As a seminary student and ex-scientist I was struck time and time again with the sensation that theology is a frustratingly slippery enterprise. Good experiments and careful observations constrain scientific theories, giving them a kind of substance and texture and reality I have not encountered in the large majority of theology I’ve read. Often, when I would write theological papers I felt as if I was playing a kind of game and not talking about the world as it really is. Next to science, theology can seem weak and unconvincing, unrelated to the world of facts.
But I loved theology then and I love it today, just as I love science. I think about God and write about God all the time. How can this be, if theology is so unconvincing? If science is so real?
It’s because theology and science are just plain different. This difference has to do with their objects and their relationships to their objects. When theological concepts are disconnected from their source and object, which is God and the church, they spoil quickly. This is not so for science. Scientific concepts, once abstracted and placed on the shelf, can maintain their integrity and self-evident quality for decades, if not centuries. The end-times chart based on Revelation is an extreme but clear example of what can happen when theology is disconnected from its object. That vision has nothing to do with the world I live in.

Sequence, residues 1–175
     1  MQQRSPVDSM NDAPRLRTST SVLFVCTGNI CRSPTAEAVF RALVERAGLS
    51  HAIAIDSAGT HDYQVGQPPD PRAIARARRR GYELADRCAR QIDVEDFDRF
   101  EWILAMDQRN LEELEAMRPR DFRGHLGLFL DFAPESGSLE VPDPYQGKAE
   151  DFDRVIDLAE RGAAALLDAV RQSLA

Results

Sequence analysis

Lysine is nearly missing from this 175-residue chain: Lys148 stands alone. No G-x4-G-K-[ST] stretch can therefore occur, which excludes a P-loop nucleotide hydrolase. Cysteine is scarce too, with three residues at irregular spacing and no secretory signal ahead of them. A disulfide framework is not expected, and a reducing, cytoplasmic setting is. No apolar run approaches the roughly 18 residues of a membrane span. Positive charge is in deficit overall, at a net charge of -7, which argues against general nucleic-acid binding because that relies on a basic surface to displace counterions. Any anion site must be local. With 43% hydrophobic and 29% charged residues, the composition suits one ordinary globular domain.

When God-talk is disconnected from God, the Bible is reduced to an information clearinghouse and biblical theology to puzzle-solving. It comes to look a lot like science done badly: The empirical data are pre-selected biblical passages; abstractions are drawn therefrom, and a system is built around the “evidence.” The final result is fully abstracted from bits and pieces of reality, but has nothing whatever to do with reality.
Where did the disconnect come from? In the case of the flowchart of the future, it came from the mistake of treating the Bible as a book written by God’s very hand, and — even more fundamentally — from treating God like a mystery author with a cryptology fixation. That God is not only distant, but comical. That God asks nothing and gives nothing. That God is a concept and not a present reality. That God is dead.
Unlike scientific claims, which seem to have a practically infinite shelf life, theology must be vine-ripened and vine-ripe to make any sense at all. It must be read and written and spoken when the reader and writer and speaker are themselves placed in the context of the divine. I don’t think our statements about God can be removed from God and the church and stand alone as self-evident or even falsifiable claims about the world. So long as theology is taken as an abstract system of statements, meant to make sense to any rational person who knows their way around the Bible and has an interest, it is utter nonsense.
This seems true and right to me. There are many more questions here, of course: How to remain connected? How to do theology — which can be plenty abstract — and not lose sight of God? What is the role of the church? What are some less extreme examples of theology gone bad? Interesting questions, no doubt; but that’s all I have tonight.
Here’s to a fine week for all Alert Readers.